The Ronald McDonald House in northern Virginia earned Guidestar’s highest seal of transparency, which is the 2019 Platinum Seal, by adding information to their nonprofit profile on GuideStar. What does this mean and why is it important?

QUILLEN: If you think of your own charitable giving, are you going to give to a charity that…maybe a couple of cents will go to the programs and services? No. You think of your own giving; I want that to benefit the mission that I am giving to.

Because there are these industry standards set up, to be accredited by the Better Business Bureau Wise Giving Alliance, to get those four star ratings from Charity Navigator, there are minimum standards you have to have. Of course, as a nonprofit, to keep your 501© (3) status, there are minimum requirements. We want to go above and beyond the minimum.

Are the people involved in organizing the Red Shoe 5k volunteers?

QUILLEN: The race is all volunteer-based; Lisa’s husband has been on the volunteer run board. … At the 5k, there is an army of volunteers that helps. There are very few paid positions with the organization. I think we have 35 staff, full-time and part-time in the whole Washington D.C. metro region.

How many locations do you have?

QUILLEN: We have two locations: the Virginia house, which is an eight-room facility, so we can serve eight families at a time. In DC, it is about a mile from the Children’s National Hospital; that’s our primary service for there. That’s 25 beds. We can serve 25 families at any one time there. In the hospitals, we have three family rooms: two over here in Inova, right around the corner, and one over in the Children’s National Hospital. These are for folks who may or may not stay here in the house, but their child is in care in the hospital. They can have a room where they can prepare meals, read the paper, do some work—just get a little refreshed without having to leave the wing where their child is being served.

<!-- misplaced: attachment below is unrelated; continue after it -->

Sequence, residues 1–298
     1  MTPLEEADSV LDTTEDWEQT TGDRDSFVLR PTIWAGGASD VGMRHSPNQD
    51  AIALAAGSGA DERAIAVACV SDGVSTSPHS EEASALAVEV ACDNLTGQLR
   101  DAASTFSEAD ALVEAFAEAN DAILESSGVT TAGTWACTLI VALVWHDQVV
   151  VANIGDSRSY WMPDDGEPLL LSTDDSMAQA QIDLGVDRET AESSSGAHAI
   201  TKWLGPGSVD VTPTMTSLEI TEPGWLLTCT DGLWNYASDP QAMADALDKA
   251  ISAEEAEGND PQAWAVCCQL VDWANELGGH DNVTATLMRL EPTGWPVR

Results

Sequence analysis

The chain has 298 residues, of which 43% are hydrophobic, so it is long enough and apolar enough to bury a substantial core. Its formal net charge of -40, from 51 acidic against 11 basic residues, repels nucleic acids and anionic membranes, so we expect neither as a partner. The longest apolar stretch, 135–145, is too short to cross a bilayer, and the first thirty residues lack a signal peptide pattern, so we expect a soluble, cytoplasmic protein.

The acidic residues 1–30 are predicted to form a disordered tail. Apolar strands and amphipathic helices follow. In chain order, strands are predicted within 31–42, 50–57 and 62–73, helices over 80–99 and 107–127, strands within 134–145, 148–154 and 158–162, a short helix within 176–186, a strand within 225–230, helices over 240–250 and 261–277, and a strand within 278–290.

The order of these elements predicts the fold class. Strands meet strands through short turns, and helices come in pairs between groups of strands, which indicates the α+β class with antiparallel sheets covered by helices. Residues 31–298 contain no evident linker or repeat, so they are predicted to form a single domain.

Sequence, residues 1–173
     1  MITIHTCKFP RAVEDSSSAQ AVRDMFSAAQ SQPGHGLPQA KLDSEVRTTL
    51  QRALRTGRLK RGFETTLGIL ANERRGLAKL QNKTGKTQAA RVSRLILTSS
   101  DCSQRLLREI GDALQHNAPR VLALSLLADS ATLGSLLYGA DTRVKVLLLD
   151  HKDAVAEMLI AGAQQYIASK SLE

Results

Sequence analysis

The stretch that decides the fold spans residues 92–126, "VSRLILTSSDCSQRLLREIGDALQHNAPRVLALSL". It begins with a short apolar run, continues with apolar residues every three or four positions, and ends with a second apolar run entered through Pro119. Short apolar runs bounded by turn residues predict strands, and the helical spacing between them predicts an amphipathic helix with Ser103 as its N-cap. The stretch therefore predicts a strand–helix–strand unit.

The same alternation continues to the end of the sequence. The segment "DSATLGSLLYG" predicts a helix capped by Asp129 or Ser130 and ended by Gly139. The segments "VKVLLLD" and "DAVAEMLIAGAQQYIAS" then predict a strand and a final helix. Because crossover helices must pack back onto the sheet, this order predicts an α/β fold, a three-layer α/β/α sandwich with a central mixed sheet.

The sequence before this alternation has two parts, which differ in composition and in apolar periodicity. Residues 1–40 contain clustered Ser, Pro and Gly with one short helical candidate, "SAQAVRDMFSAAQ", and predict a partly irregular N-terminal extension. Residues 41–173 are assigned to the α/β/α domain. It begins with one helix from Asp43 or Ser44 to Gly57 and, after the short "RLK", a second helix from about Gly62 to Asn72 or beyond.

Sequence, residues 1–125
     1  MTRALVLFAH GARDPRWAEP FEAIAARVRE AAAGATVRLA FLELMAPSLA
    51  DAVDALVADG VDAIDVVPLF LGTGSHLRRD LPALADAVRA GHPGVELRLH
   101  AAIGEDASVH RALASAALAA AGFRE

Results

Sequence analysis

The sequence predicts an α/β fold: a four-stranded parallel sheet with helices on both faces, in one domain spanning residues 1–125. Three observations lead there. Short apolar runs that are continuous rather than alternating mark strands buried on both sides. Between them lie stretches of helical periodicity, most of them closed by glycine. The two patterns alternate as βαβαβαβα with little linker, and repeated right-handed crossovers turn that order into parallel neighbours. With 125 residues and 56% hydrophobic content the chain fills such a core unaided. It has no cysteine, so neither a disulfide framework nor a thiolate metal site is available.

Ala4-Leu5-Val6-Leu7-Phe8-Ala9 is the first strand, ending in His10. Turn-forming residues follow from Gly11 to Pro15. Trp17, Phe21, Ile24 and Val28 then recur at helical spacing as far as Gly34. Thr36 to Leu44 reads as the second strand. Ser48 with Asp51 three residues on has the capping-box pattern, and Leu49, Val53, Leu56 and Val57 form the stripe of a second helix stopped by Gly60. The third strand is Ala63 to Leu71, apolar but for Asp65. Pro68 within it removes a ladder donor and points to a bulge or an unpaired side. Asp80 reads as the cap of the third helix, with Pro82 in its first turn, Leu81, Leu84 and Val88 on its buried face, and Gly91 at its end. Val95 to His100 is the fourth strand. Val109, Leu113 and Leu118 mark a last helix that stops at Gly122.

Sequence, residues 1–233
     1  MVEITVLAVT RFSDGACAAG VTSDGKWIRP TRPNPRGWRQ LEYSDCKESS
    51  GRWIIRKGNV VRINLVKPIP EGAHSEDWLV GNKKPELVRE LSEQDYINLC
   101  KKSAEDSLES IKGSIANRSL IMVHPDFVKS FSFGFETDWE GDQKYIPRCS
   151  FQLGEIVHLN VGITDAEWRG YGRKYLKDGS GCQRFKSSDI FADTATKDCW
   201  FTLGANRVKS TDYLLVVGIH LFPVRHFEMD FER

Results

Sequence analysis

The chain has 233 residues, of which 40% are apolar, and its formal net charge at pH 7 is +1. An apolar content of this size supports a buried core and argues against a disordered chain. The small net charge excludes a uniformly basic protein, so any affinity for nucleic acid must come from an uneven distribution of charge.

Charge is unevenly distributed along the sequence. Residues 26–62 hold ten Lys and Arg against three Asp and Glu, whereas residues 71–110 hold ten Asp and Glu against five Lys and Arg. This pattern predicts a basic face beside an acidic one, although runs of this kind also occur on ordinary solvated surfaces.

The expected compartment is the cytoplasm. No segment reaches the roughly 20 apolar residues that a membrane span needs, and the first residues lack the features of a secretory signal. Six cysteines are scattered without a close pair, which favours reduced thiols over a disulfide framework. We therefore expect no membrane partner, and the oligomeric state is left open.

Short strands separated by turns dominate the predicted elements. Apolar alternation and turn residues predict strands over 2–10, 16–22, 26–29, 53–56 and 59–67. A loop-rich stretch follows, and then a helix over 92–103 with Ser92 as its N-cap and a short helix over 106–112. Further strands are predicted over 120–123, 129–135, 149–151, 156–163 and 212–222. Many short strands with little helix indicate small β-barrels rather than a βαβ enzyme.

A Tour of RMHCDC in Photos


The living room is in the community wing where families with similar experiences meet and talk. This living room was just redone by an interior designer, and all of the furniture was donated.


The kitchen was updated to look more modern. Almost every day, volunteers come from companies such as Clark Construction, Northrop Grumman, and Volunteer Fairfax to make meals for the families. The house has a partnership with Giant, which created a monthly menu of suggested meals, and Panera Bread, which donates muffins and pastries every week. Lehigh Valley Dairy Farms donates milk and yogurt products weekly. Breast milk freezers and breast milk pumps are available to accommodate newborn intensive care unit (NICU) families.


The game room is filled with donated video games and board games. Across from this is the fitness center and computer room.


Every bedroom has a maximum capacity of five people. In addition to the two beds, there is a Lazy Boy that can be used as an extra bed. Lazy Boy donates up to four pieces of furniture every year. Tempur-Pedic donates up to four mattresses every year. The pillows are from Sleep Number. When the display shelf pillows go out of style, representatives from the mall donate them. The televisions on the walls are donated. Laundry detergents, dryer sheets and toiletries are all donated by the community.


There are individual volunteers who come the same day every week in order to keep the house clean.